Wednesday, January 24, 2007


Read All About It!

The article at the link below - written by a print journalist - takes a bemused approach to the recent efforts of several billionaires to buy, of all things, newspapers. What can one say anyway when Jack Welch wants to buy The Boston Globe? Other contenders for the role of press lord include Hank Greenberg, Ron Burkle and David Geffen. Why do they want to do a Citizen Kane gig in a medium where readership is declining faster than Orson Welles on a ski slope? One reason, according to Vanity Fair reporter Michael Wolff, is that they don't like what the papers are saying about the corporate world. They shake their heads in indignation over the "anti-business" press, and want to buy their own megaphone to broadcast their own highly biased view of things. But it's more than that.

During a vacation I took a few years ago in Canada, I visited the Beaverbrook Galley in Fredericton, New Brunswick. The art was great, but I happened to see a video about the life of Lord Beaverbrook, and that was indelible. Beaverbrook was a short, homely, womanizing scamp, a ne'er-do-well minister's son who could talk his way into your wallet and your knickers alike. He made a fortune helping run a financial pyramid scheme, was brought to trial, but bribed the witnesses against him and absconded with his ill-gotten millions to the UK. Here he bought a big house, partied by night, and by day established a tabloid empire that greatly increased the profitability of British journalism, if not its quality. He became a propagandist for the War Ministry during World War One, scoring major political points with shameless recruitment films that lured hundreds of thousands of impressionable boys into a bloody mess. Meanwhile, he cheated on his wife, bullied his sons, and in general left a slime trail of immorality across the broad landscape of his life. Evelyn Waugh once said that the Devil had to exist, for how else could one explain Lord Beaverbrook? Here was a man who entered the newspaper business for no other reason than to satisfy his own vanity and lust for power. Jack Welch and his confreres apparently wish to follow his example.

The trouble is that owning a newspaper in today's economy is beyond risky - it is simply a losing proposition. Newspapers are the preferred medium of an older generation that is rapidly disappearing, with an average age of 56. As Wolff points out, the average age of our would-be press lords is even older than that. So what we have here is an example of entrepreneurs deluded by their own senescence into embracing a product with an aging market. However, as Wolff also suggests, the very strength of their interest may have the power to rejuvenate an outmoded medium in unexpected ways. Most adults want some kind of news. As the network evening news dumbs itself down to the level of Parade magazine and newspaper subscriptions are plummeting, more and more people are getting their news on the Internet. And who are the biggest providers of news on the Internet? Why, the same newspapers whose print readership is declining. If newspapers and magazines can transform themselves from a print medium with a high overhead into an Internet medium with a much lower overhead, they may eventually be able to survive on, and even profit from, new revenue streams such as advertising pop-ups and online subscriptions.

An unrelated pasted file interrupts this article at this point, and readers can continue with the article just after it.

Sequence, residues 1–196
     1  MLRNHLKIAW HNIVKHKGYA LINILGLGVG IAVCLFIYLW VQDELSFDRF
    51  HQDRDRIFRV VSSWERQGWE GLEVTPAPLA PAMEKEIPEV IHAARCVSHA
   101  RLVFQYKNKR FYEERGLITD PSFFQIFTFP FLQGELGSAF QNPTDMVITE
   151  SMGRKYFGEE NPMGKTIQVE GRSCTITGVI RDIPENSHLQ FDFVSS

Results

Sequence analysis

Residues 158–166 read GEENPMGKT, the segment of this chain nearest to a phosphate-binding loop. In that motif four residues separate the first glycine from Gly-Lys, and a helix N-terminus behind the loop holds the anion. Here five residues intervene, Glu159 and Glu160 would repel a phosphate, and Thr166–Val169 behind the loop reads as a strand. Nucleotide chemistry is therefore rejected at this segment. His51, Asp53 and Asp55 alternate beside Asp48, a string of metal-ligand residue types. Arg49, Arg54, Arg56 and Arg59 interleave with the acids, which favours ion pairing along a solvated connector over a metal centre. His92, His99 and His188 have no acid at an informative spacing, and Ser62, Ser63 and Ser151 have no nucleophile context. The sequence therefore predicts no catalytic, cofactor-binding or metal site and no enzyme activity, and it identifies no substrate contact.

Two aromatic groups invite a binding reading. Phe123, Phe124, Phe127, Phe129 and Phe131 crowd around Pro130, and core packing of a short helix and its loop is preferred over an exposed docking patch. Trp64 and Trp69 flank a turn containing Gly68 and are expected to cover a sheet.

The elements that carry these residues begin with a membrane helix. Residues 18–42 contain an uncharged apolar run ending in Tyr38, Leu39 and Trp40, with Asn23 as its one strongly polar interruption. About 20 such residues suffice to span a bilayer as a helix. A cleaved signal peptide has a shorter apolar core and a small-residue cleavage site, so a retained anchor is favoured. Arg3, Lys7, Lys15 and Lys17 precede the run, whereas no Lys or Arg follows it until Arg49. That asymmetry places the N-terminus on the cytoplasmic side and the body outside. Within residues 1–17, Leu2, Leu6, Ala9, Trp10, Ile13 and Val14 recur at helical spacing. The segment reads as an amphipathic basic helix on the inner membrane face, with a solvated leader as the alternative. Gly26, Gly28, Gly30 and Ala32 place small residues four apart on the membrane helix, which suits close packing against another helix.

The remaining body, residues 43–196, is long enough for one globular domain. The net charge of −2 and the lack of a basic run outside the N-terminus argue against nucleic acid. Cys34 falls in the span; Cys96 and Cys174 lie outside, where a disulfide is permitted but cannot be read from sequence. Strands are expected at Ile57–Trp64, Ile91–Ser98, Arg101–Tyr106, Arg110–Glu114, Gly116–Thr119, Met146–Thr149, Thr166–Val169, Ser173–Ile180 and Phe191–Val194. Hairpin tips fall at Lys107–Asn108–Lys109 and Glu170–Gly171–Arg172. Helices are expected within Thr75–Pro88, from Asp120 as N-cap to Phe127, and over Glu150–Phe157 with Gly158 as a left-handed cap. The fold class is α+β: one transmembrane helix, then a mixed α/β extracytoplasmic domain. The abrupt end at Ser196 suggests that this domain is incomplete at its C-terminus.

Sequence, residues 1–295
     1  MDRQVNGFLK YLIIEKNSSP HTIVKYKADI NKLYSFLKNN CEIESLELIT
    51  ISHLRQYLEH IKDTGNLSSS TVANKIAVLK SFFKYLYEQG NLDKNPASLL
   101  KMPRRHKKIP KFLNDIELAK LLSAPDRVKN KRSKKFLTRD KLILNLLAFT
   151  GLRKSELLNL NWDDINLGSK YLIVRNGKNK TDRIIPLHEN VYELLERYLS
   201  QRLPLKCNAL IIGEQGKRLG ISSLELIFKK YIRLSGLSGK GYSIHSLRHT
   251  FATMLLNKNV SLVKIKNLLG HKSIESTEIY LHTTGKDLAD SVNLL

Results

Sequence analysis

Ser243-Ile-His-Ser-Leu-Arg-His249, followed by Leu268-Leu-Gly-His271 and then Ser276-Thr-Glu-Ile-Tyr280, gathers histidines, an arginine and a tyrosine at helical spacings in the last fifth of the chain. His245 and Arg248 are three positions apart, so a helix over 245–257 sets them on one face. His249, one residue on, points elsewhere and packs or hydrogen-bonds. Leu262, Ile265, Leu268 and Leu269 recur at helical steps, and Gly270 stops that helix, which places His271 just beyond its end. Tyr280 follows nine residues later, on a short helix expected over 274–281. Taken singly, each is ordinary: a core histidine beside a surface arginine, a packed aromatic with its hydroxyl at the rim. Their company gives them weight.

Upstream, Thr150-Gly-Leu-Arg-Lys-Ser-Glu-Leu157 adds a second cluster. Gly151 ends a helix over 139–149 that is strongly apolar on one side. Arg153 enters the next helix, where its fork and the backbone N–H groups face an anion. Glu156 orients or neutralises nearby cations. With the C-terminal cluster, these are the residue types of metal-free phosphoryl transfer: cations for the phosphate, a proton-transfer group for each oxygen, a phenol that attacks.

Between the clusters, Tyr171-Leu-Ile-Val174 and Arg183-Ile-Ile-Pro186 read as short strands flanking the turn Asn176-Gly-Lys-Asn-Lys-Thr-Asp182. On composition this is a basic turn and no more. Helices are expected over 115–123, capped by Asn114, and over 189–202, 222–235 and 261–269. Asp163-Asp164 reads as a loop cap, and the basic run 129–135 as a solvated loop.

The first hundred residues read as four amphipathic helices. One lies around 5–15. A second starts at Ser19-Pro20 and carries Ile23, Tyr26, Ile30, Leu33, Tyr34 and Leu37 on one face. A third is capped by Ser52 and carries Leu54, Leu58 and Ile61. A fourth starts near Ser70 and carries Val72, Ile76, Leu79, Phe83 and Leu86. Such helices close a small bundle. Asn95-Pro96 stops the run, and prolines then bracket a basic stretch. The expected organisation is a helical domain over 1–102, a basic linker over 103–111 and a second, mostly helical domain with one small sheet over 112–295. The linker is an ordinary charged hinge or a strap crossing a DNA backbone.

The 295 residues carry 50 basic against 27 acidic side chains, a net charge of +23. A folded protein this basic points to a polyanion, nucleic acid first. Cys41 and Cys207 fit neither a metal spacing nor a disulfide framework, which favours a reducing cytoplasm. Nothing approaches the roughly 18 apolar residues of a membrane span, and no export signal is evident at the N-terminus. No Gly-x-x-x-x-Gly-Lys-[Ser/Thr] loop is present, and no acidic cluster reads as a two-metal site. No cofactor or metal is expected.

The viability of the news media in general will never be extinguished. An appetite for news will always be with us. That is the saving grace of newspapers - and also the reason why the covetous attention of billionaires remains more dangerous than amusing. Do we really want a "free press" to be replaced by the private propaganda tools of rich men? But do we really have a choice? This is yet another danger of an executive compensation system that pays rich men far more money than they will ever need. They can afford to throw all that excess money at schemes to protect their efforts to make yet more money, regardless of the cost of those schemes themselves. If a Democratic Congress proves less amenable to corporate lobbying, the billionaires will simply shift their attention ever more urgently to The Fourth Estate, and guarantee their money-making futures by muzzling the truth.

"Billionaires And Broadsheets" from Vanity Fair

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